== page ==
By Thien Nguyen
Project RISE Youth Enrichment AmeriCorps Member at New AP
“For me, the smiles and the trust I build in these children is worth ten times the paycheck.”
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My first day of service in the afterschool program: I walked into myriad curious eyes as my supervisor introduced me to the afterschool students at [a local elementary school]. I introduced myself after she had done so and said that my name was Thien, I was from Vietnam, and that I can help them with their homework.
As soon as I was done talking, and even before my supervisor called for questions, the questions flooded in. “Can you speak Burmese?” “Where you from?” “Why you here?” “What your name?” etc. I just smiled and answered the questions that were not previously disclosed information.
That day, when we moved into structured class time, I was asked to be with the younger children as they [needed] help with homework. The lead teacher, Shakir, played an ice breaker with the kids and [me]. “Tell us what is your name, your favorite color, and your favorite food” (which is always Shakir’s favorite topic). After the class had made their rounds, where we learned that most of the kids enjoyed pizza and the color blue, I said that my favorite color was “azure” and “udon” was my favorite dish. The class marveled at the explanation of Japanese noodles. They also constantly beckoned “Ms. Thien” (I am not female, by the way) to help them with their homework.
As the days passed, at snack time (our first duty at afterschool), there were less instances of the older kids (especially boys) roaming aimlessly looking for trouble. I walked into the cafeteria on that first day and my eyes could not leave that group of boys (and one girl) who were not seated and causing the most ruckus. That was, and has been, my chosen group for snack time. I sit there because I want to calm them and non-verbally tell them that snack time is not a time of milk carton flipping, extra snacks stealing, roughhousing, and overall circus displays. This has worked, to some effect, since they need constant reminders and constant attention in order to just figure out what are proper table manners and how to show mutual respect to one another, and to the teachers.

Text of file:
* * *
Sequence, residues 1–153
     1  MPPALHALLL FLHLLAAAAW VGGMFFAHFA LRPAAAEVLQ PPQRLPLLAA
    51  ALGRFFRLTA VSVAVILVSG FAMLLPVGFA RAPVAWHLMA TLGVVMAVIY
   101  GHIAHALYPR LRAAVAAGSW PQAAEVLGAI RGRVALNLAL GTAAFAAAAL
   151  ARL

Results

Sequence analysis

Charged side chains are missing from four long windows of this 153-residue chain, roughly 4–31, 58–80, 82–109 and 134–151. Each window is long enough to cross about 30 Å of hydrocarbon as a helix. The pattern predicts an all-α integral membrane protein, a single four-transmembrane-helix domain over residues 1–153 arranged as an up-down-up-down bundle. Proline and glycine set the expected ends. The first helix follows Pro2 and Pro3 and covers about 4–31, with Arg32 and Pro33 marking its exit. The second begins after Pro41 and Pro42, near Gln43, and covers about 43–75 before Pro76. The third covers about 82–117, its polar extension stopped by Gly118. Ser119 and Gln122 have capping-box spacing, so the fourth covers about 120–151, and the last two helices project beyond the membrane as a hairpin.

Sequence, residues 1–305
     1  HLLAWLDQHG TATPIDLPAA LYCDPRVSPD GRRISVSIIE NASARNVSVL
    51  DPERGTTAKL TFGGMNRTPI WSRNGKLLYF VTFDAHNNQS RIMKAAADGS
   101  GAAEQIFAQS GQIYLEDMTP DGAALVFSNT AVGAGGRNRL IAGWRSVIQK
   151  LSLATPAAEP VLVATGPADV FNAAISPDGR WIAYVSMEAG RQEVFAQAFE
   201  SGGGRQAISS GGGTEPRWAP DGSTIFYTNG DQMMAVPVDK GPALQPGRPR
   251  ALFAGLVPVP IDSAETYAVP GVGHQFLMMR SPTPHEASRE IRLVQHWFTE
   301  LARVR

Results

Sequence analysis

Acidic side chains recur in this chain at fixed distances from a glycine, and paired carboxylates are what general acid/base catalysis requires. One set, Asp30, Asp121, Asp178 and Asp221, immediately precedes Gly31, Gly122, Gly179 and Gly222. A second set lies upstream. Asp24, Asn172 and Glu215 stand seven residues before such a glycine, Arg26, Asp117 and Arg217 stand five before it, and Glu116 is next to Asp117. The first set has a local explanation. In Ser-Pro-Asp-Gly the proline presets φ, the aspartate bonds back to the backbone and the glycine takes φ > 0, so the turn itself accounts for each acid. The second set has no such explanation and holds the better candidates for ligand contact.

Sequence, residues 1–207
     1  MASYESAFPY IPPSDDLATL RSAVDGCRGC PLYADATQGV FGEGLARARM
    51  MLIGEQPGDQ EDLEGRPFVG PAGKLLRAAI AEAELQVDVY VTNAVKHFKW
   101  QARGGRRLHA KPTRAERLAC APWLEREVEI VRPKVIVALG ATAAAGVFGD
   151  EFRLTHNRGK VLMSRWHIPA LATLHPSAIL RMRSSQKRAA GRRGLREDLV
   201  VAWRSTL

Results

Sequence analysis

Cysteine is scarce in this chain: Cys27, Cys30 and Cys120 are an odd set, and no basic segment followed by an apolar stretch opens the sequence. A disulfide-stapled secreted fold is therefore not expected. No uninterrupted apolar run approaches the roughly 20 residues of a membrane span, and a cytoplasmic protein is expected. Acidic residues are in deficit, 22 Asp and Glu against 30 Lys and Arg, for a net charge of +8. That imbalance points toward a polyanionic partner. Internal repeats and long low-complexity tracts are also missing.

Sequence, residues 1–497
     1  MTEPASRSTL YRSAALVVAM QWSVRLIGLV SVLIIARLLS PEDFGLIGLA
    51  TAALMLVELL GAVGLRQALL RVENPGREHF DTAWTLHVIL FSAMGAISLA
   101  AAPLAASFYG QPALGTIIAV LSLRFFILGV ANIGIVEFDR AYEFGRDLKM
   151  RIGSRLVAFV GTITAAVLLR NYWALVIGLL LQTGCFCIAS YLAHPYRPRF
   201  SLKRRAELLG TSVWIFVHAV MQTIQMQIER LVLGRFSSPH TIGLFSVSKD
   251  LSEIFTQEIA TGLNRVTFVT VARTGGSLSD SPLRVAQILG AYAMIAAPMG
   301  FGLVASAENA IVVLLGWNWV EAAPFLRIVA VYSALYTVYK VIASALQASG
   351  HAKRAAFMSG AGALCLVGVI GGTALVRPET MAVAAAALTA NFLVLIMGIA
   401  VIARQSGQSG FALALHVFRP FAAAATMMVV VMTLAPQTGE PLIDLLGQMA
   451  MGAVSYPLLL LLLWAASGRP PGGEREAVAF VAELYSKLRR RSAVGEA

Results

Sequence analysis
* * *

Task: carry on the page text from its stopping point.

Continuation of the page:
Our first semester concluded with a grand finale of a holiday party. The kids absolutely loved it. Our stations were classic holiday stations for kids: gingerbread houses, cookie decorating, holiday picture frames, and origami snowflakes (which was my station, and was a little too complex for these children — though I ended up with a few snowflakes from the students).
I will not be able to forget what joy, what utter elation we brought to these kids on that day. I am blessed to own a DSLR [Digital single-lens reflex camera], and these moments were captured and shared with our New American Pathways team. However, it was not the party that struck me as a constant reminder why I get up around 6 a.m., get home around 8 p.m. or later almost every day, coughing with the cold that was passed around in the office, always feeling like two million things are happening at once, or whether I have enough physical or mental toughness to make through the next day. It was the change I was seeing in these children.
They know when to say “stop” or just walk away when they are mistreated. They are starting to realize that they have to listen to us adults, for we set the example of right and wrong. We oversee their foursquare games, provide medical assistance, and overall just maintain order in the chaos that is refugee afterschool. This marked difference in the character and lives of these children is the reason I took a stipend [AmeriCorps] position with my two college degrees and two certifications.
For me, the smiles and the trust I build in these children is worth ten times the paycheck. This is the purpose of my life.
Thien Nguyen is a former refugee, 20-year resident of the Clarkston-Stone Mountain community, and a certified educator and mechanical engineer. He currently serves in New AP’s Project RISE (Refugee and Immigrant Success through Education) AmeriCorps program as the Youth Enrichment member.
Interested in service through AmeriCorps? Check back this spring for position postings at New AP for our 2019-2020 Project RISE team!
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